If I’m honest I don’t want to leave. NYC can’t beat the morning commutes and there’s definitely no hope for my love of hopping in freezing mountain water after a long day. On the bright side, I am of the belief that our Explorer summer listening tour did incredibly well. There was something truly thrilling about showing up to Stewart’s to find someone waiting for you, waiting to tell their stories to us. How lovely.
The idea behind the listening tour was to learn what’s going on in the broader Adirondack communities and we specifically wanted to know what we were not covering.
At our last stop in Northville, there were three people waiting to tell us that they were disappointed we were not covering their community. You might think that sucks but I see that as the biggest win. I mean they stopped their day to come tell us because they want their voices to be heard – is that not the whole point of going out of our way to find where we lack coverage? The only acceptable response of course is to incorporate Northville into future pieces.
On our ride to the first stop Melissa and I agreed that trial and error would be the only way to find what worked so each time we learned more about communities, how to approach conversation, what people are looking for in their news, and more.
For example, I quickly learned that asking people what they took issue with in their community was not going to work. People got defensive, and rightfully so. As an outsider and a stranger to all of these folks I was asking them to look critically upon their homes. I wasn’t looking for a negative response so much as I was looking for issues that could use covering, but that was not how the question came across. So I rephrased. I started asking people what they loved about the Adirondacks and people lit up. When discussing their life in these mountains eventually there was always something that they struggled with or a challenge their community was facing – it answered my original question but this time around I got to hear about their favorite things as well. People talked about growing up in the park, their latest adventure, and why they keep coming back.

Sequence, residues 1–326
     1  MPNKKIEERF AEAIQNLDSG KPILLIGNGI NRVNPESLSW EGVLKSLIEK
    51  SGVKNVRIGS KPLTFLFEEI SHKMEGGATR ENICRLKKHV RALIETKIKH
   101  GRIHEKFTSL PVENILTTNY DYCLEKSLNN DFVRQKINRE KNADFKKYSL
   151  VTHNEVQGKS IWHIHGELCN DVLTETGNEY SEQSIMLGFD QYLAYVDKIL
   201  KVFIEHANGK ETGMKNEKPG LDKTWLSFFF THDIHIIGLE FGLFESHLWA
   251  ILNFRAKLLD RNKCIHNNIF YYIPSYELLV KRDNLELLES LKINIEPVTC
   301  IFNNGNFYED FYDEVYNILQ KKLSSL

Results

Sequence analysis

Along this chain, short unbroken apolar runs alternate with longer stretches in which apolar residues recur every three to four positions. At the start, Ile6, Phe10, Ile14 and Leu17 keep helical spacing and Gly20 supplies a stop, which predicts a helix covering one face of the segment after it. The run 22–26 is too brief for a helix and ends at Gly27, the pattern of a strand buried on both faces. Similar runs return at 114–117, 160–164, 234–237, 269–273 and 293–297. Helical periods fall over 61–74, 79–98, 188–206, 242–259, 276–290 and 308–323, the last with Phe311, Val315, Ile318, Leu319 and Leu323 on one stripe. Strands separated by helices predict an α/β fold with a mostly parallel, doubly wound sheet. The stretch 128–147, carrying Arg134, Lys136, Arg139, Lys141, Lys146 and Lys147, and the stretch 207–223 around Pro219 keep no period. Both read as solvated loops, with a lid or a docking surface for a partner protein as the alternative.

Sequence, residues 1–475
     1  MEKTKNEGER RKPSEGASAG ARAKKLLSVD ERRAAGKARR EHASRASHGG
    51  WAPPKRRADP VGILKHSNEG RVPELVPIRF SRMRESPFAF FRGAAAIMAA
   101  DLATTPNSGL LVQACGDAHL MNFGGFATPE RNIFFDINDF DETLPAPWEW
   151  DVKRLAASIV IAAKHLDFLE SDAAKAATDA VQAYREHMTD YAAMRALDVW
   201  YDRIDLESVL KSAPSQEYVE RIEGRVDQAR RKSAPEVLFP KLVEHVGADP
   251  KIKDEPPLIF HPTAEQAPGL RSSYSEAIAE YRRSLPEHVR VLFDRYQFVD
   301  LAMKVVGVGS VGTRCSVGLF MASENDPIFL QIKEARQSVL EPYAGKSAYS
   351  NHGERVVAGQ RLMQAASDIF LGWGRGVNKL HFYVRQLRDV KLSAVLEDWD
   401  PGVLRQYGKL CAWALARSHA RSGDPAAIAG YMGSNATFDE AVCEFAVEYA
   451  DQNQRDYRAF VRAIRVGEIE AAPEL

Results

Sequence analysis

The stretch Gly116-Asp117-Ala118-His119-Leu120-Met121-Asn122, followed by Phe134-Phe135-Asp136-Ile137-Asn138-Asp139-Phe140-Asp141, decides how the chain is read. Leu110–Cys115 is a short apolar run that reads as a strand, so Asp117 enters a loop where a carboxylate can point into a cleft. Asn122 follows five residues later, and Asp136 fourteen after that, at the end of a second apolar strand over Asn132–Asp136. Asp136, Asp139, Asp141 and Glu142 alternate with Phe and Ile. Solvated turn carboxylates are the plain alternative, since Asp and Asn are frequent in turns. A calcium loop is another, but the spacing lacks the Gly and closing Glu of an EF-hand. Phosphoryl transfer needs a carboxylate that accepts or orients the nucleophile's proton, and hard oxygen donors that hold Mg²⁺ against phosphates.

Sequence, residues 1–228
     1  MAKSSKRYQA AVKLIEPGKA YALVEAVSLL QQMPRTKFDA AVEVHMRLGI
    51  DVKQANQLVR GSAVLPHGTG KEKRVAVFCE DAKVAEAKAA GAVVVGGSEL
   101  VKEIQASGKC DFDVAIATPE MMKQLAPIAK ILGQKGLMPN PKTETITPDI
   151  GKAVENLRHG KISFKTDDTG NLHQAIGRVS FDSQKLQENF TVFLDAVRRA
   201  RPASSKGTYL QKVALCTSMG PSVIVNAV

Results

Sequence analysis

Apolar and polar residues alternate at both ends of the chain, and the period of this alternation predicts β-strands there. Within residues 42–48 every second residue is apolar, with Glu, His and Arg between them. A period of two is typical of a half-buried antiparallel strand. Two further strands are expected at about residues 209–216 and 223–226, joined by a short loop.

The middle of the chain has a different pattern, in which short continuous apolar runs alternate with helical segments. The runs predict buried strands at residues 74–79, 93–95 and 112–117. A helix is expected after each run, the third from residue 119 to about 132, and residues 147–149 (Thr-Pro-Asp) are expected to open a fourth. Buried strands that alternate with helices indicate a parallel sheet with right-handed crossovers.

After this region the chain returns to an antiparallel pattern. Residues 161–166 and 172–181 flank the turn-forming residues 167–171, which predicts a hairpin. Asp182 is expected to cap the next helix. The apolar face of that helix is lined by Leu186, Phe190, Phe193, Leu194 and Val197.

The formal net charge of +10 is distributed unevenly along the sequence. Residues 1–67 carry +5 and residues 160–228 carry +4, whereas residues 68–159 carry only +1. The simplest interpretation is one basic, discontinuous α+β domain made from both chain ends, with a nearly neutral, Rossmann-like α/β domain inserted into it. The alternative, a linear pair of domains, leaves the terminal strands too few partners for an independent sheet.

It’s an important take away for me, and for others perhaps. Adjusting is a necessary part of life and it was a vital practice for this summer’s tour. I’ve learned more completing this tour and working with the Explorer than two semesters of grad school.
Any and all stories that come from this tour will be denoted as such so that people know we heard them and so that it grows the trust between us and all of you so that you continue to come to us with your ideas. This is only the beginning of making an active effort of listening to Adirondack communities. I am happy I got to be the guinea pig in this experiment. I hope that the Explorer’s reach continues to grow so that every Adirondack community feels their voices are being heard. If you want to weigh in, feel free to take a brief survey or send in an email, someone (sadly not me) will read it.
I leave you with a short video I made that showcases my Adirondack summer:
You describe a major effort in improving the Explorer/Almanack. I really did not know there was room for improvement. Then I look at the threesome photo, and there is no improvement needed there either. The photo just reached out to me to be included somehow. I have been trying to figure out that since last night. Thanks for your article and efforts.